My Korean Deli

My Korean Deli

Risking It All for A Convenience Store

Book - 2011
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Random House, Inc.

This sweet and funny tale of a preppy literary editor buying a Brooklyn deli with his Korean in-laws is about family, class, culture clash, and the quest for authentic experiences in an increasingly unreal city.

It starts with a simple gift, when Ben Ryder Howe's wife, the daughter of Korean immigrants, decides to repay her parents' self-sacrifice by buying them a store. Howe, an editor at the rarefiedParis Review, reluctantly agrees to go along. However, things soon become a lot more complicated. After the business struggles, Howe finds himself living in the basement of his in-laws' Staten Island home, commuting to theParis Review offices in George Plimpton's Upper East Side townhouse by day, and heading to Brooklyn at night to slice cold cuts and peddle lottery tickets. The book follows the store's tumultuous lifespan, and along the way paints the portrait of an extremely unlikely partnership between characters across society, from the Brooklyn ghetto to Seoul to Puritan New England. Owning the deli becomes a transformative experience for everyone involved as they struggle to salvage the original gift — and the family — while sorting out issues of values, work and identity.

Publisher: [Toronto] : Doubleday Canada, c2011
ISBN: 9780385664127
Branch Call Number: 381.147 HOW
Characteristics: 304 p. ; 22 cm


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Since we have a lot of Korean friends and neighbours, I decided to listen to a story about the life, culture, and struggles of someone who married into a Korean family. What I got was a funny memoir of a former editor of Paris Review, his Korean wife, and his complicated and hilarious mother-in-law, trying to buy and run a convenience store. I found myself nodding my head with a big smile as I listened to the words of Ben Ryder Howe, as read by Bronson Pinchot, describing the situations, complications, and rationale behind the decision-making in his family. This audiobook was the funniest non-fiction book I have listened to in a while! (submitted by IM)

jrno3lzz Jan 27, 2016

koreans have really good insurrance rate quotes

this was like a program managing committee
koreans really opened my mind to better way of living

Jan 27, 2016

Well written - funny, good pacing and hard to put down.
Howe captures the immigrants' capacity for hard work and risk. Thoroughly enjoyable read.

Sep 05, 2015

I just realized this year that I read a lot of memoirs, and I read them because I look for a memorable story, told by a memorable voice. I very much enjoyed this one--an honest, funny look at owning a small business in Brooklyn, as well as much self deprecating humor (author is often not very competent at running the store and gets his extended family into difficult situations). There's a lot going on here--clash of cultures (author's WASP family and his wife's Korean family), $ struggles with the store, as well as the author's day job working for George Plimpton at the Paris Review. It is a wacky, funny, depressing, real story.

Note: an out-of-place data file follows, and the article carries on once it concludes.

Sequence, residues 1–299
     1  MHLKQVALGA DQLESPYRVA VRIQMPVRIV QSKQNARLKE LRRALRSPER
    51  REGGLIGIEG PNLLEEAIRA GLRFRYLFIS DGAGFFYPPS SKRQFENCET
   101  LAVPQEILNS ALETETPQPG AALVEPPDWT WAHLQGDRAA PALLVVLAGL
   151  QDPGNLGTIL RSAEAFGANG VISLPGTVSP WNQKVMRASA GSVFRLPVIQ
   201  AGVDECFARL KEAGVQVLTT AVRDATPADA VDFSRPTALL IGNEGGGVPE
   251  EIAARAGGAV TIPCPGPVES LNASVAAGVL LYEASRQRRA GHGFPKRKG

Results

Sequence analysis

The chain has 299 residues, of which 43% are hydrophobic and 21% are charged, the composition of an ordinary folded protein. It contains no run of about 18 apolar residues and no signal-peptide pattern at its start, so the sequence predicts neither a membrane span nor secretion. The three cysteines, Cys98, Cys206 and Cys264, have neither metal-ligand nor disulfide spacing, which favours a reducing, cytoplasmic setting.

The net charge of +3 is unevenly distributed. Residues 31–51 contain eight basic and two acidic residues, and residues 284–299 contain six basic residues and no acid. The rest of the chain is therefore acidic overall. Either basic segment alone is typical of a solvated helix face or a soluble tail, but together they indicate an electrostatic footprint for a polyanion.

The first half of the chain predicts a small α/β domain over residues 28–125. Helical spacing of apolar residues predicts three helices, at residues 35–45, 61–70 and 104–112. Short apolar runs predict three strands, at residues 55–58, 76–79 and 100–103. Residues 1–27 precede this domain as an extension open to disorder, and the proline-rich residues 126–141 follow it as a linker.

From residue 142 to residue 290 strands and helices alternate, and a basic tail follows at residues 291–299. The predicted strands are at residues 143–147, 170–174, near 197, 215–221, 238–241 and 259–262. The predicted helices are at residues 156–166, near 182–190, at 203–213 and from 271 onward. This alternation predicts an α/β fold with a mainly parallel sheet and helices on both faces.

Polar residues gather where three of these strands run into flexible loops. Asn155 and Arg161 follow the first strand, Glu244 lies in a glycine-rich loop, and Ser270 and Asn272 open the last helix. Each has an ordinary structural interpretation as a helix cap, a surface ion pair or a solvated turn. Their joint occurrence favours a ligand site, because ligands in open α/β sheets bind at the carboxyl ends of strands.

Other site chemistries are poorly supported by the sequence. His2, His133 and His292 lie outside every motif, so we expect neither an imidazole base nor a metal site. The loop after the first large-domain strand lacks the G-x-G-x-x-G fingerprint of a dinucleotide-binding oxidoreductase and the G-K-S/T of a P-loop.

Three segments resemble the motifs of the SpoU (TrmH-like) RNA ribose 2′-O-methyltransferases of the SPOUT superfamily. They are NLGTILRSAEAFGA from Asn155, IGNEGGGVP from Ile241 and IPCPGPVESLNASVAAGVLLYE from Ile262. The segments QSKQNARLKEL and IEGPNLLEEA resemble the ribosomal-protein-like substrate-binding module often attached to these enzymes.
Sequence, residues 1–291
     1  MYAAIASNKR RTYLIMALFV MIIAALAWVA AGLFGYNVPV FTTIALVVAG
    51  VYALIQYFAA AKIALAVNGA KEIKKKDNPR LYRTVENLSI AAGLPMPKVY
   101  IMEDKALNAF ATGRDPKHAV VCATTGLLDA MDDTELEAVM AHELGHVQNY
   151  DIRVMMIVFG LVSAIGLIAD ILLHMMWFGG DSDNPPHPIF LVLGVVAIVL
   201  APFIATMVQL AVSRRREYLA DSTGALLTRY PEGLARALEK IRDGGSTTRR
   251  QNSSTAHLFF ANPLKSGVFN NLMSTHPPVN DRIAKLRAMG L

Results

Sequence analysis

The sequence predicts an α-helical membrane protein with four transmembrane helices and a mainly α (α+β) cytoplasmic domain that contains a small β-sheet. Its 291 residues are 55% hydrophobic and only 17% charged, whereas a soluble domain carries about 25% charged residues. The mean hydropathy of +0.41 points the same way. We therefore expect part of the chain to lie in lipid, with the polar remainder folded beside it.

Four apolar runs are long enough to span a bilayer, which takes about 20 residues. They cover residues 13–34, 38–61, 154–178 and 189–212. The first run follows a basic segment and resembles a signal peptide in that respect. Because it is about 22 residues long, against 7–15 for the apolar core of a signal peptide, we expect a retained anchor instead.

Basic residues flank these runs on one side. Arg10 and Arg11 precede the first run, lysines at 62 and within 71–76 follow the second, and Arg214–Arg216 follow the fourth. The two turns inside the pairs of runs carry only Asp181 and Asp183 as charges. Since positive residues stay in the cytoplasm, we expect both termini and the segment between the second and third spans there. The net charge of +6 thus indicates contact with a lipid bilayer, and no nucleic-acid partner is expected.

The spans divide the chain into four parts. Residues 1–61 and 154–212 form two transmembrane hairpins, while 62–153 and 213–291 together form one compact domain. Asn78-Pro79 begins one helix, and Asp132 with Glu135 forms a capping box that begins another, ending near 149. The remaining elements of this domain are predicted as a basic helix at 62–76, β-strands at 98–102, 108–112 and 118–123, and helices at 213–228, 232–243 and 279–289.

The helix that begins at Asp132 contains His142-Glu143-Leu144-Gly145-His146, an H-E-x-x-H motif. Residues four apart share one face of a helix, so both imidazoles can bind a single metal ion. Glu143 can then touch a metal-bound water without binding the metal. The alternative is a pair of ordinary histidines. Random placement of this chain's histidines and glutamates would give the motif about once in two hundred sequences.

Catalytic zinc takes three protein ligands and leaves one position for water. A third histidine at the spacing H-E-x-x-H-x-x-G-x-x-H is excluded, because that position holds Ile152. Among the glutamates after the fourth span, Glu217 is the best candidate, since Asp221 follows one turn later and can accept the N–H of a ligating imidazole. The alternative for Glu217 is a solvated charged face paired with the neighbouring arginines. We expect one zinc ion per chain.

Mar 05, 2013

A real slice of New York -- from Manhattan publishing to multi-cultural families on Staten Island and a deli in Brooklyn. If it doesn't all come together neatly, well, that's life -- messy, but worth the trip.

hgeng63 Jun 24, 2012

Disappointing; too lightweight & shapeless.

Sep 13, 2011

This was a very entertaining, funny read. Really enjoyed it!

ksoles Sep 06, 2011

...Alternatively titled, "My Big Fat Korean Disappointment."

When Ben Ryder Howe, descendant of the Mayflower Puritans and Senior Editor at "The Paris Review," and his wife, Gab, a Korean-American lawyer, purchase a convenience store for Gab's mother, Kay, the whole family must learn to survive against police stings, armed criminals, blizzards and inflexible customers.

The juxtaposition between the characters in Howe's double life (editor and deli owner) plays out nicely: his narrative shows emotion and warmth towards both Plimpton, his boss at "The Review," and Kay, though the two characters lie poles apart. Plimpton comes across as kind, fun-loving, iconoclastic, vulnerable and bullying all at once while Kay is nothing if not driven, high-strung and stubborn. Impressively, both become more endearing as the book progresses, as does the deli's loyal employee Dwayne, a single father from the projects who has abandoned his troubled past.

But beyond competent characterization, "My Korean Deli" ultimately disappoints. The memoir has such potential for penetrating insight into cultural identity, the immigrant work ethic, Puritan ancestry and gentrification. Unfortunately, although Howe brings these issues to the reader's attention, he uses more ink on witty but redundant commentary than on fleshing them out. Additionally, while Howe succeeds at creating tension, especially when it builds upon one of his own mistakes, he glosses over any resolution and leaves the reader hanging. The result is a frustrating read that ends abruptly and unsatisfactorily.

debwalker Mar 10, 2011

A preppy editor ends up working the night shift behind the counter at his immigrant in-laws' Brooklyn grocery store in this funny, poignant, true story.
— Karen Holt

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